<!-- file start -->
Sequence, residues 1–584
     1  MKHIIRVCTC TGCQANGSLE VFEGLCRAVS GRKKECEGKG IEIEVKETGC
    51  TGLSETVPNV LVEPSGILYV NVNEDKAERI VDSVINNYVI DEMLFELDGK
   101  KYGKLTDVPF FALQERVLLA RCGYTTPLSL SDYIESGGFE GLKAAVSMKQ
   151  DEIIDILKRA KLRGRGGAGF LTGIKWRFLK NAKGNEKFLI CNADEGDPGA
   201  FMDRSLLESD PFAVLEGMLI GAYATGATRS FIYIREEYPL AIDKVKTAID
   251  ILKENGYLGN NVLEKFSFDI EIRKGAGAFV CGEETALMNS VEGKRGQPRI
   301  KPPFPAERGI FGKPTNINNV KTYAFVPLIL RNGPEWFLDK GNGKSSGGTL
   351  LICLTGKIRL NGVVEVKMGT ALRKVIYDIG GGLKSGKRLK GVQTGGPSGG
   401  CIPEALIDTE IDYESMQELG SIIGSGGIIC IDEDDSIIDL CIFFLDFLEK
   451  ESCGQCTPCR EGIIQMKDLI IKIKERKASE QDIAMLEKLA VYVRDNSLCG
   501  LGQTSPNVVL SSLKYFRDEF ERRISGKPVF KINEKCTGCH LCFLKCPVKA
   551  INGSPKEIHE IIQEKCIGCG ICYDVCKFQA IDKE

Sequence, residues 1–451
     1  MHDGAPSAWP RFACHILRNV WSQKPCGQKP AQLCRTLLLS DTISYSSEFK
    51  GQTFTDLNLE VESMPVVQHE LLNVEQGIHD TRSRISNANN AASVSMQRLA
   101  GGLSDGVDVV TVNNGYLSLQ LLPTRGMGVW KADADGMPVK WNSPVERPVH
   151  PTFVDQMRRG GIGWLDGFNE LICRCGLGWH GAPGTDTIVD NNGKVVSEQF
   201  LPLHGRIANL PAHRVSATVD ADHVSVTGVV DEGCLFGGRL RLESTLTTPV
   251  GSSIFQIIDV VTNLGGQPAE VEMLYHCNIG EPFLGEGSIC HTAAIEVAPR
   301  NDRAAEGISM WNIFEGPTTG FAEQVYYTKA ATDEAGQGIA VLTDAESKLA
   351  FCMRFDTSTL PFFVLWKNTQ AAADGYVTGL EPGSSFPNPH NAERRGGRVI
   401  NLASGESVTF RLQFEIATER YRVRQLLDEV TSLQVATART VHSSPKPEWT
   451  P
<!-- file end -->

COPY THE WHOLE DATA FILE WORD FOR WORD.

Sequence, residues 1–584
     1  MKHIIRVCTC TGCQANGSLE VFEGLCRAVS GRKKECEGKG IEIEVKETGC
    51  TGLSETVPNV LVEPSGILYV NVNEDKAERI VDSVINNYVI DEMLFELDGK
   101  KYGKLTDVPF FALQERVLLA RCGYTTPLSL SDYIESGGFE GLKAAVSMKQ
   151  DEIIDILKRA KLRGRGGAGF LTGIKWRFLK NAKGNEKFLI CNADEGDPGA
   201  FMDRSLLESD PFAVLEGMLI GAYATGATRS FIYIREEYPL AIDKVKTAID
   251  ILKENGYLGN NVLEKFSFDI EIRKGAGAFV CGEETALMNS VEGKRGQPRI
   301  KPPFPAERGI FGKPTNINNV KTYAFVPLIL RNGPEWFLDK GNGKSSGGTL
   351  LICLTGKIRL NGVVEVKMGT ALRKVIYDIG GGLKSGKRLK GVQTGGPSGG
   401  CIPEALIDTE IDYESMQELG SIIGSGGIIC IDEDDSIIDL CIFFLDFLEK
   451  ESCGQCTPCR EGIIQMKDLI IKIKERKASE QDIAMLEKLA VYVRDNSLCG
   501  LGQTSPNVVL SSLKYFRDEF ERRISGKPVF KINEKCTGCH LCFLKCPVKA
   551  INGSPKEIHE IIQEKCIGCG ICYDVCKFQA IDKE

Sequence, residues 1–451
     1  MHDGAPSAWP RFACHILRNV WSQKPCGQKP AQLCRTLLLS DTISYSSEFK
    51  GQTFTDLNLE VESMPVVQHE LLNVEQGIHD TRSRISNANN AASVSMQRLA
   101  GGLSDGVDVV TVNNGYLSLQ LLPTRGMGVW KADADGMPVK WNSPVERPVH
   151  PTFVDQMRRG GIGWLDGFNE LICRCGLGWH GAPGTDTIVD NNGKVVSEQF
   201  LPLHGRIANL PAHRVSATVD ADHVSVTGVV DEGCLFGGRL RLESTLTTPV
   251  GSSIFQIIDV VTNLGGQPAE VEMLYHCNIG EPFLGEGSIC HTAAIEVAPR
   301  NDRAAEGISM WNIFEGPTTG FAEQVYYTKA ATDEAGQGIA VLTDAESKLA
   351  FCMRFDTSTL PFFVLWKNTQ AAADGYVTGL EPGSSFPNPH NAERRGGRVI
   401  NLASGESVTF RLQFEIATER YRVRQLLDEV TSLQVATART VHSSPKPEWT
   451  P